The conflict highlights the folly of nations exiting nuclear power while continuing to use coal, gas and oil.
Russia isn’t a major producer of uranium, but it handles a large share of the steps that turn it into nuclear fuel. That makes it a major player in this globalized industry.
The level of danger posed by the Chernobyl power cut depends on how long it lasts.
The world held its collective breath as Russian troops battled Ukrainian forces at the Zaporizhzhia nuclear power plant. The battle is over and no radiation escaped, but the danger is far from over.
Plus, the social pressure some people feel to be happy in the world’s happiest countries. Listen to The Conversation Weekly.
The submarine announcement is sure to trigger a new round of debate on whether nuclear energy is right for Australia. But let’s be clear: the technology makes no sense for Australia.
The world’s nuclear power plants are on the frontline of climate change – and not in a good way.
Scientists are working on ways to make lots of energy by converting matter into energy. The trick is keeping the process under control. One possibility is nuclear fusion – the Sun’s power source.
On the 10th anniversary of the Fukushima nuclear disaster, two experts explain why human choices are more important to nuclear safety than technology, and why the job is far from finished.
Nuclear power isn’t needed to meet Ontario’s electricity needs. And the absence of nuclear power won’t have any impact on emissions in Ontario’s energy sector.
Recent debates about the future of nuclear power in Australia make much of the potential of the next generation of reactors.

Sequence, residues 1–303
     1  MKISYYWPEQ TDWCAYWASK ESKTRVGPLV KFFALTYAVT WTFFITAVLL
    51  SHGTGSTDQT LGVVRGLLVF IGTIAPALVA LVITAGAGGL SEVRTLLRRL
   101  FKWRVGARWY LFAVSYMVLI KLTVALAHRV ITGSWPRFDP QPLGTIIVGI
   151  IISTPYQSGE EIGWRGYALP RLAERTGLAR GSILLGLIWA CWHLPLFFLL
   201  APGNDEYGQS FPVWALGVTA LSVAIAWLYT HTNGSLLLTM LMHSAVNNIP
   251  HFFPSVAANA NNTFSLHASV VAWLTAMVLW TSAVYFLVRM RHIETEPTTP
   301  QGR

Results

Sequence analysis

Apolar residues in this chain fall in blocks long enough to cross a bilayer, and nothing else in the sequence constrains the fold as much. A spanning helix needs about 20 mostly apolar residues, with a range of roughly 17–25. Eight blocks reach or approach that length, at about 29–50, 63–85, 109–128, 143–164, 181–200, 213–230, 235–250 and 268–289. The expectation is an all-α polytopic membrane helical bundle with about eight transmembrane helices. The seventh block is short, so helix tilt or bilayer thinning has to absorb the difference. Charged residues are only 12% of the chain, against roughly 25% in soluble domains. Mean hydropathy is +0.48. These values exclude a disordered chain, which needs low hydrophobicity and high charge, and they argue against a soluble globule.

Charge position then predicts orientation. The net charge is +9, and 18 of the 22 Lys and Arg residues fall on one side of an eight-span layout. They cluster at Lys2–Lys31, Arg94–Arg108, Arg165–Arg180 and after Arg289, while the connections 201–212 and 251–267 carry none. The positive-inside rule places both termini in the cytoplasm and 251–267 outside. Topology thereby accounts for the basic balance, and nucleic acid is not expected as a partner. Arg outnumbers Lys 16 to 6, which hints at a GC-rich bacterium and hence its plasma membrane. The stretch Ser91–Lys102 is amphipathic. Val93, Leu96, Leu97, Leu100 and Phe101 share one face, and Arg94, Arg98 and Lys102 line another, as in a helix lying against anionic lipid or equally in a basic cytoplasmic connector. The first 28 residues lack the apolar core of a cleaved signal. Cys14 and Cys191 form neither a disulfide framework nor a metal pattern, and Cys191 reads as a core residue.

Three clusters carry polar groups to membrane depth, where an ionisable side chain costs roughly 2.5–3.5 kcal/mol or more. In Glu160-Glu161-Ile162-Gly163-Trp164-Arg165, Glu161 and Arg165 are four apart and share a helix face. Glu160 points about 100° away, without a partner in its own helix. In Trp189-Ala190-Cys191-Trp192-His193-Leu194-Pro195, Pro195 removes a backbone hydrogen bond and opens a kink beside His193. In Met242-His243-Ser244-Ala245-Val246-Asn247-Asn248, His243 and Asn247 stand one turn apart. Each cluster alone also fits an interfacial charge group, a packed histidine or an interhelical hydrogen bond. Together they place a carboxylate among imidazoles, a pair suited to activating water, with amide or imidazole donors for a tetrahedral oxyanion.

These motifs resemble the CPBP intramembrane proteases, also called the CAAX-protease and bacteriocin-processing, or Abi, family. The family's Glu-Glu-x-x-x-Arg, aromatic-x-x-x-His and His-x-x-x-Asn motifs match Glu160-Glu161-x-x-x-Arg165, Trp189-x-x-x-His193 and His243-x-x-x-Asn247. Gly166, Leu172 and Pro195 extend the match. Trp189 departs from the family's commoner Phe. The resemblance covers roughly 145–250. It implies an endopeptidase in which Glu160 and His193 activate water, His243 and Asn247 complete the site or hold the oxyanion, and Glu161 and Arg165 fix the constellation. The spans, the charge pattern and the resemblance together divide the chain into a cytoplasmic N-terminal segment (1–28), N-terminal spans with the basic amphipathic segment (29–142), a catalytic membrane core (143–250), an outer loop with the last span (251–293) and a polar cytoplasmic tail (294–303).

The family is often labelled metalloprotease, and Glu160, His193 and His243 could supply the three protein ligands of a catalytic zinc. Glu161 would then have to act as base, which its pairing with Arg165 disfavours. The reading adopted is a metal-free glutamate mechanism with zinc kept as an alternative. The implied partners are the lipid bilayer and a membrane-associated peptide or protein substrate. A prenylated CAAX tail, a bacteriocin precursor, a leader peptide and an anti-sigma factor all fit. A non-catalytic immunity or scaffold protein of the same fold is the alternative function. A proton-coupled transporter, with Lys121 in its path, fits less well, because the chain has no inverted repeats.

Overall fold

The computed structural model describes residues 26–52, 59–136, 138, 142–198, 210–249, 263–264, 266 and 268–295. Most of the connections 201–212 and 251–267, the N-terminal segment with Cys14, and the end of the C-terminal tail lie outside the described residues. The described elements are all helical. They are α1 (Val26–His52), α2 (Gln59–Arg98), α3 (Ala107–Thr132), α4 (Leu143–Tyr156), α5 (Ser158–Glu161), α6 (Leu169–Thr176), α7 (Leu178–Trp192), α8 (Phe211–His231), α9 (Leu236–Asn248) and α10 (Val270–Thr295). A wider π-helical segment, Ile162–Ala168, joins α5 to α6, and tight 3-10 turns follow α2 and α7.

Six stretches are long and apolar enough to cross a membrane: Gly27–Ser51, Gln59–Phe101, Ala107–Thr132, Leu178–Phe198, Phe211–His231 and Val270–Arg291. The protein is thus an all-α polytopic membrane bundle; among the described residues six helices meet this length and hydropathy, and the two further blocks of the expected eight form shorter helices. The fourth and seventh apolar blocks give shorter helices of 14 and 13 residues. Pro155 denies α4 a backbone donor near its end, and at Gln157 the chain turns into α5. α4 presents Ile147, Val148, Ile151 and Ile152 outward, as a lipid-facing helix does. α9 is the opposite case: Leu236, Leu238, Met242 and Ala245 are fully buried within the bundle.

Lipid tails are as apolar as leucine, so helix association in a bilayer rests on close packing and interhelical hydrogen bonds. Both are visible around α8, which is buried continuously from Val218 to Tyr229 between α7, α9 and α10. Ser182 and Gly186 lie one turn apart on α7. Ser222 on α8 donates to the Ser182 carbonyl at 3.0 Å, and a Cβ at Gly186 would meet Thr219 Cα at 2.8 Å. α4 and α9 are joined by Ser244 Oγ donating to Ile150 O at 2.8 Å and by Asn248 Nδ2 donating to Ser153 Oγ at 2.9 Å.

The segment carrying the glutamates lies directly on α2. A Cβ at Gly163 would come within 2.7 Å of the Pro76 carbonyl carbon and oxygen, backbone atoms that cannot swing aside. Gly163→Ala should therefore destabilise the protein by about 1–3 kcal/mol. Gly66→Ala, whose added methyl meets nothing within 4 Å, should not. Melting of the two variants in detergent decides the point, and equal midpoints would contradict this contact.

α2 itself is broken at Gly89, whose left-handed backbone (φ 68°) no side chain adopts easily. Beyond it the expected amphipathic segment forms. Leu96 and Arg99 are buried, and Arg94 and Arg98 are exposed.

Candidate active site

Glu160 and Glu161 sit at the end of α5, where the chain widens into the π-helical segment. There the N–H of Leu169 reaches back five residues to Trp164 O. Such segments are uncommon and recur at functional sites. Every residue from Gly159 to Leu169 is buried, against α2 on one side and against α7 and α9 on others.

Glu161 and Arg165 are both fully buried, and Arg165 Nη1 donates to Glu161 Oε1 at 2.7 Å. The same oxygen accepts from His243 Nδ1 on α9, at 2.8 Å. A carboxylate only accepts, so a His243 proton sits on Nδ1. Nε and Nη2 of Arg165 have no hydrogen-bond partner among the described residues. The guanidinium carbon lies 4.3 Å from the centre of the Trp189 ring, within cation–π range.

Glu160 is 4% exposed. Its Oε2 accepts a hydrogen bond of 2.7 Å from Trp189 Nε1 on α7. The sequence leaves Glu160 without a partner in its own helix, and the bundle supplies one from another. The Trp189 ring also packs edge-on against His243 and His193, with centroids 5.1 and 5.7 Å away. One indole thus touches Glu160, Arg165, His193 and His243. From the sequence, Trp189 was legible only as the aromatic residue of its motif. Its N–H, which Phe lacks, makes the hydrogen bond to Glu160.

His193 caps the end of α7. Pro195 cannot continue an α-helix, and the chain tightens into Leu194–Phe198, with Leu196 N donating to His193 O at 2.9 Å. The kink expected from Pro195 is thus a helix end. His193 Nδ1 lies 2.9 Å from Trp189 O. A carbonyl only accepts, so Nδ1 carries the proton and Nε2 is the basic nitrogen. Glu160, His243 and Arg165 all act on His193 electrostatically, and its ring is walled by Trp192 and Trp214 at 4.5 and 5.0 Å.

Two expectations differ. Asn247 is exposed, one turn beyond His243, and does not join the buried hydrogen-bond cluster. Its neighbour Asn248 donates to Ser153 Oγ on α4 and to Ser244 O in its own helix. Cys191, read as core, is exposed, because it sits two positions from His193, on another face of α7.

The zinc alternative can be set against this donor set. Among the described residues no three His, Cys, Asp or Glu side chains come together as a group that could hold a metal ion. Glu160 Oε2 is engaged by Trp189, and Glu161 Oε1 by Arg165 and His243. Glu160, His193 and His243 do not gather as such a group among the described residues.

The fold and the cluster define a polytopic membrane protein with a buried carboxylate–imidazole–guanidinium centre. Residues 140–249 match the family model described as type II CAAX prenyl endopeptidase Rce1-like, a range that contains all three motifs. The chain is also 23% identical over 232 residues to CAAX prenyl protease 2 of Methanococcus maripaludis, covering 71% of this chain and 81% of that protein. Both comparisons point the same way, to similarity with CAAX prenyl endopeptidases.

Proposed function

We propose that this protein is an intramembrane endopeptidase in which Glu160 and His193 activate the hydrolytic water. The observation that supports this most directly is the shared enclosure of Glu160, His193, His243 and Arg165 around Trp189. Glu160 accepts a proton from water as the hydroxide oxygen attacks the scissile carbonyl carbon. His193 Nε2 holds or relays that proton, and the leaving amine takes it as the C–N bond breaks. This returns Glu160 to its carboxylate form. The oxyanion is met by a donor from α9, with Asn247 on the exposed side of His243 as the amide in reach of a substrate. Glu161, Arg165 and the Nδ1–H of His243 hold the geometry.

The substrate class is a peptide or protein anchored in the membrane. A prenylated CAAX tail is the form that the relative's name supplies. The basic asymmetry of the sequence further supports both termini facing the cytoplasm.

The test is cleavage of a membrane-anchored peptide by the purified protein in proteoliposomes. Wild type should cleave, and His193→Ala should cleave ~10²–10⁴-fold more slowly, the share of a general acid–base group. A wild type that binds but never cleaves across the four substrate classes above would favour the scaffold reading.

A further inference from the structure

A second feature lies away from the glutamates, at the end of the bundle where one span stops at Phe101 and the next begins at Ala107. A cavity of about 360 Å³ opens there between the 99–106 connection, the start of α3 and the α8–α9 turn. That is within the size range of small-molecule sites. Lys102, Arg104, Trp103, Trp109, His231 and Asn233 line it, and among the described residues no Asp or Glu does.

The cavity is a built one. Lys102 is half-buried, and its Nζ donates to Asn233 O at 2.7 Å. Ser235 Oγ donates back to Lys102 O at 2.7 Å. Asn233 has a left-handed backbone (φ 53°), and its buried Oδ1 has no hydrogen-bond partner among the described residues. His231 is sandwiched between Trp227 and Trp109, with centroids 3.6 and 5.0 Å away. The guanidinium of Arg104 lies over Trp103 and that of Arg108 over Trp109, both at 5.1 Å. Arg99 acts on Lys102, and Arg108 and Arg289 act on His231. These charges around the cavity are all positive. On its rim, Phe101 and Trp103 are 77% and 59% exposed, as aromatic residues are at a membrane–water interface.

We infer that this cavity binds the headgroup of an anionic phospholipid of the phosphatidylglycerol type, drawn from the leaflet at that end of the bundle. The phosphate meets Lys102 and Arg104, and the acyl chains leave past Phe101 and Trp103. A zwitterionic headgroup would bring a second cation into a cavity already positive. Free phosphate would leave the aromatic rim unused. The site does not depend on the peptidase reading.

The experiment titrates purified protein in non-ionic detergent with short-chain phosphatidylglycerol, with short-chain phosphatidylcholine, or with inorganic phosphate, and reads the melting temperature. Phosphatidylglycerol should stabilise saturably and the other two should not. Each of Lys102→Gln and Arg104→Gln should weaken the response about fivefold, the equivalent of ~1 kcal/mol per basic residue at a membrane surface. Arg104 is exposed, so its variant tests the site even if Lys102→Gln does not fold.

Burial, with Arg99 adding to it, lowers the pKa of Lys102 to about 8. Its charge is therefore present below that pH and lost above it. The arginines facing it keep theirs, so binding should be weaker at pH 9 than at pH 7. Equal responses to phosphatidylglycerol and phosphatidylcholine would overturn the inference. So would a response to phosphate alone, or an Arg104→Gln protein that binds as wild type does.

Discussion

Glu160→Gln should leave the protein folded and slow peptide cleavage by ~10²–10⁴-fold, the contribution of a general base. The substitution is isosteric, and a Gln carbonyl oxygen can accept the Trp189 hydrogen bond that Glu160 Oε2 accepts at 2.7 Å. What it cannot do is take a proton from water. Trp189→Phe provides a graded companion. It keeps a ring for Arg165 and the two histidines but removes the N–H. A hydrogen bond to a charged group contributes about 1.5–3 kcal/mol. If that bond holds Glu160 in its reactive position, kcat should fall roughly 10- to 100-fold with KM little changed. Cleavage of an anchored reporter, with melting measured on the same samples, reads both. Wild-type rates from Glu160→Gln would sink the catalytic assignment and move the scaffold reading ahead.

Unpacking what South Africa’s new energy plan says about nuclear energy.
Nuclear energy generates 75% of France’s electricity, and ongoing troubles at the new Flamanville EPR reactor have raised crucial questions about its future in the country’s electricity mix.
Nuclear fusion may power post-carbon societies – but it won’t save us from climate change.
Most of the time, these operations were not urgent – unlike the one following this disaster that summoned some 600,000 people to the site of the worst nuclear accident of all time.
The state of Australia’s energy and climate change policy is reason to despair. But there may be a nuclear solution that keeps both sides happy.
The government has asked a parliamentary committee to examine the issue and report on it by the end of 2019.
The electric utility is seeing rapid changes and threats that affect consumers, from more wind and solar to wildfires. How they react depends in large part on regulators.
In 2011 the Fukushima Daiichi nuclear disaster struck Japan. Eight years later, Fukushima is perceived in very different ways by the West and by Japan.
The choice is now between a green grid or a whole lot more gas-fired power.